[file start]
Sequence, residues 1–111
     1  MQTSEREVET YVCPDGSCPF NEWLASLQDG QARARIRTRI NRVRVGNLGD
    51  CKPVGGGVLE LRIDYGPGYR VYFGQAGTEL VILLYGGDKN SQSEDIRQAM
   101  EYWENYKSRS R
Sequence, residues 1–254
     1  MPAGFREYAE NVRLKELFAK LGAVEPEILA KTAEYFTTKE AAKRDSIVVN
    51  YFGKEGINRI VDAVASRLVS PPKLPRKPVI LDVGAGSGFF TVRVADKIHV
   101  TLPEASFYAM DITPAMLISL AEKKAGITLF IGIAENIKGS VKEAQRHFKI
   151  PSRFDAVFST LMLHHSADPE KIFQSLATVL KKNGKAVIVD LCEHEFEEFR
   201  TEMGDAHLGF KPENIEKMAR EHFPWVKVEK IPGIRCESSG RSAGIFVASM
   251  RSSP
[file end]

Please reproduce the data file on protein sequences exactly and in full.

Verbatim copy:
Sequence, residues 1–111
     1  MQTSEREVET YVCPDGSCPF NEWLASLQDG QARARIRTRI NRVRVGNLGD
    51  CKPVGGGVLE LRIDYGPGYR VYFGQAGTEL VILLYGGDKN SQSEDIRQAM
   101  EYWENYKSRS R
Sequence, residues 1–254
     1  MPAGFREYAE NVRLKELFAK LGAVEPEILA KTAEYFTTKE AAKRDSIVVN
    51  YFGKEGINRI VDAVASRLVS PPKLPRKPVI LDVGAGSGFF TVRVADKIHV
   101  TLPEASFYAM DITPAMLISL AEKKAGITLF IGIAENIKGS VKEAQRHFKI
   151  PSRFDAVFST LMLHHSADPE KIFQSLATVL KKNGKAVIVD LCEHEFEEFR
   201  TEMGDAHLGF KPENIEKMAR EHFPWVKVEK IPGIRCESSG RSAGIFVASM
   251  RSSP